Elderberries Help Minimize Flu Symptoms



Folk medicines and herbal products have been used
for millennia to combat a whole range of ailments, at times to the
chagrin of modern scientists who have struggled to
explain their medicinal benefits.

However a recent study by a group of Chemical and
Biomolecular Engineering researchers from the University of Sydney’s Faculty of
Engineering and IT has determined exactly how a popular ancient
remedy, the elderberry fruit, can help the fight
against influenza.

Conducted by Professor Fariba Deghani, Dr Golnoosh
Torabian and Dr Peter Valtchev 
 as part of the ARC Training Centre for the Australian Food
Processing Industry that was established in the Faculty of Engineering and
IT, the study showed that compounds from elderberries
can directly inhibit the virus’s entry and replication
in human cells, and can help strengthen a person’s immune
response to the virus.

Although elderberry’s flu-fighting properties have long
been observed, the group performed a comprehensive examination of the
mechanism by which phytochemicals from elderberries combat influenza
infections. 

“What our study has shown is that the common elderberry
has a potent direct antiviral effect against the flu
virus,” said Dr Golnoosh Torabian. 

“It inhibits the early stages
of an infection by blocking key viral proteins responsible
for both the viral attachment and entry into the host
cells.”

The researchers used commercially farmed elderberries which
were turned into a juice serum and were applied to
cells before, during and after they had been infected with
the influenza virus. 

The phytochemicals
from the elderberry juice were shown to
be effective at stopping the virus infecting the cells,
however to the surprise of the researchers they were even more
effective at inhibiting viral propagation at later stages
of the influenza cycle when the
cells had already been infected with the virus.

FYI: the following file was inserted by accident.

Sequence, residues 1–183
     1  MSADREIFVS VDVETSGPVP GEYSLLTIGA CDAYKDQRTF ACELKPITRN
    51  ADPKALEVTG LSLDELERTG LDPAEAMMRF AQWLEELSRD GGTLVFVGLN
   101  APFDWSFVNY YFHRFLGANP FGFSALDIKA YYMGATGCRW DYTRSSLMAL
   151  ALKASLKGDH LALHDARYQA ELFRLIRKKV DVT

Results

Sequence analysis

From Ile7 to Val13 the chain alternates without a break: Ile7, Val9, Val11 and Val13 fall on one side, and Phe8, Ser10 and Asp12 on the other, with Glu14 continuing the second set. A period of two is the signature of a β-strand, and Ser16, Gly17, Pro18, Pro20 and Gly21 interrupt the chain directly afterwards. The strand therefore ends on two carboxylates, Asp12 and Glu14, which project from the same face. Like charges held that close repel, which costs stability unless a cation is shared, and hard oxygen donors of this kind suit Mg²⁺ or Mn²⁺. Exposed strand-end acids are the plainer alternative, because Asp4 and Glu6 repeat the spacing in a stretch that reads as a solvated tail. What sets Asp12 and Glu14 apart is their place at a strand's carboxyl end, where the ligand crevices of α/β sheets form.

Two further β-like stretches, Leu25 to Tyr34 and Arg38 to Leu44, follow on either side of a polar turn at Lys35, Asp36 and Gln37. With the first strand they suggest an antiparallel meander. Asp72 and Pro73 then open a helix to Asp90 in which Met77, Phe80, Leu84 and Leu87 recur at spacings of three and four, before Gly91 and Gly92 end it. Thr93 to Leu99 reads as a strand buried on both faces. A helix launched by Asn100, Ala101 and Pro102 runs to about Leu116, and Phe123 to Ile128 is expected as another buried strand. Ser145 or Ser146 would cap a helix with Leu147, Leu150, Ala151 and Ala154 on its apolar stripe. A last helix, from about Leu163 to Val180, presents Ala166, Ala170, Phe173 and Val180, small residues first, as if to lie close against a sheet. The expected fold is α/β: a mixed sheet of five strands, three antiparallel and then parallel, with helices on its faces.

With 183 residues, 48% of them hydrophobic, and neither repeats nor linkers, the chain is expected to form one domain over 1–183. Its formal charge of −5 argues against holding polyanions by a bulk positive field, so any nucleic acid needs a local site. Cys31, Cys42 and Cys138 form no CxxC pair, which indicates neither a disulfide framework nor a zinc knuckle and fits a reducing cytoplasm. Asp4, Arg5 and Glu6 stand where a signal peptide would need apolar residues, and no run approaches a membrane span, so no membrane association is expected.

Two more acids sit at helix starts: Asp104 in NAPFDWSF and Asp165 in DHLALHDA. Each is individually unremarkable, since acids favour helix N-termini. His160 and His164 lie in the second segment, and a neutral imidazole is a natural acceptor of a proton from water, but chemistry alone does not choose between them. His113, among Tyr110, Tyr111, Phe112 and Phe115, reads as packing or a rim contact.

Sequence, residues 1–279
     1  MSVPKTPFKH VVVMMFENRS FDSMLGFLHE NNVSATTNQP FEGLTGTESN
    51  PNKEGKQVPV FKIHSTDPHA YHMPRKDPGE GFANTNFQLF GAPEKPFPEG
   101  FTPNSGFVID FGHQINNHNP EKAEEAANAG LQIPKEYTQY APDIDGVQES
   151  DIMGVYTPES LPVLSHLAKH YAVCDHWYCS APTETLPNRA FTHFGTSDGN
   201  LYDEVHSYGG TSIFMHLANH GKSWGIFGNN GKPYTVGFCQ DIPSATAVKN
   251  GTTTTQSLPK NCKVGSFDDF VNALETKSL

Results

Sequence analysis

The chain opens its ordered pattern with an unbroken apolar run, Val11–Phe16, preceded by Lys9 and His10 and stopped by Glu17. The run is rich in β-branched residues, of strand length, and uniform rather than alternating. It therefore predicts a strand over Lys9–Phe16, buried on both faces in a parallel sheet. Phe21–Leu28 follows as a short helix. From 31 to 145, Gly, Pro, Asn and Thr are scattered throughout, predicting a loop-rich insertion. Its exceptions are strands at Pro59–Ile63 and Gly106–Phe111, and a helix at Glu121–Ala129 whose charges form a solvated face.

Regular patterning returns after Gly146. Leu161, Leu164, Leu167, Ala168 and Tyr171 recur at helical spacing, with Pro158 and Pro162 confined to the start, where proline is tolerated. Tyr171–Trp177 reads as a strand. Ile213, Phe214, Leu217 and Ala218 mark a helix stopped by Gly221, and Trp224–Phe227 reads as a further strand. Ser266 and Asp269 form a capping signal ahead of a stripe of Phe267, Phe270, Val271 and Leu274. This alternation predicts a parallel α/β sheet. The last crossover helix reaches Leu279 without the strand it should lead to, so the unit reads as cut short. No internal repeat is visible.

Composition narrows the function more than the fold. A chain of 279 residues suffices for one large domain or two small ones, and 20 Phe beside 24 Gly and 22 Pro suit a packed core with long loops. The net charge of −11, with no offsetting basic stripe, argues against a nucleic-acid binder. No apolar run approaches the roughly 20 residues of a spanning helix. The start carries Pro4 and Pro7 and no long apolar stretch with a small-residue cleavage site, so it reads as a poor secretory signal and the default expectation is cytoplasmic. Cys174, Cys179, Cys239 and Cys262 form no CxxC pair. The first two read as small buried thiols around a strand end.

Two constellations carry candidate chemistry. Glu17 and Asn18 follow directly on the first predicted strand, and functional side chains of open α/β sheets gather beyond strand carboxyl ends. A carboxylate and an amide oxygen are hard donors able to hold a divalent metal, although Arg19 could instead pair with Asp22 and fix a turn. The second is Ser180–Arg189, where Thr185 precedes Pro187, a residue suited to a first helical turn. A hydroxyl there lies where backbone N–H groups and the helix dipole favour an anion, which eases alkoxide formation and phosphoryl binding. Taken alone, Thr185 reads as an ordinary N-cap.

“This observation was quite surprising and rather
significant because blocking the viral cycle at several stages has a higher
chance of inhibiting the viral infection,” explained Dr Peter Valtchev. 

“In addition to that, we identified that the
elderberry solution also stimulated the cells to release certain cytokines,
which are chemical messengers that the immune system uses for communication
between different cell types to coordinate a more efficient response against
the invading pathogen,” said Centre Director, Professor Fariba Deghani.

The team also found that the elderberry’s
antiviral activity can be attributed to its anthocyanidin compounds —
phytonutrients responsible for giving the fruit its vivid purple coloring.

Otherwise known as sambucus nigra, the black
elderberry is a small, antioxidant rich fruit common to Europe and North
America that is still commonly consumed as a jam or wine. For medicinal
benefits, elderberry extract is available commercially in tablet or syrup form.

The influenza virus is one of the leading causes of
mortality worldwide, affecting nearly 10 per-cent of the world population and
contributing to one million deaths annually.

The study, Anti-influenza activity of elderberry
(Sambucus nigra)
, was published in the Journal of Functional Foods.

Sources:

Golnoosh Torabian, Peter Valtchev, Qayyum Adil,
Fariba Dehghani. Anti-influenza activity of elderberry (Sambucus nigra).
Journal of Functional Foods, 2019; 54: 353 DOI: 10.1016/j.jff.2019.01.031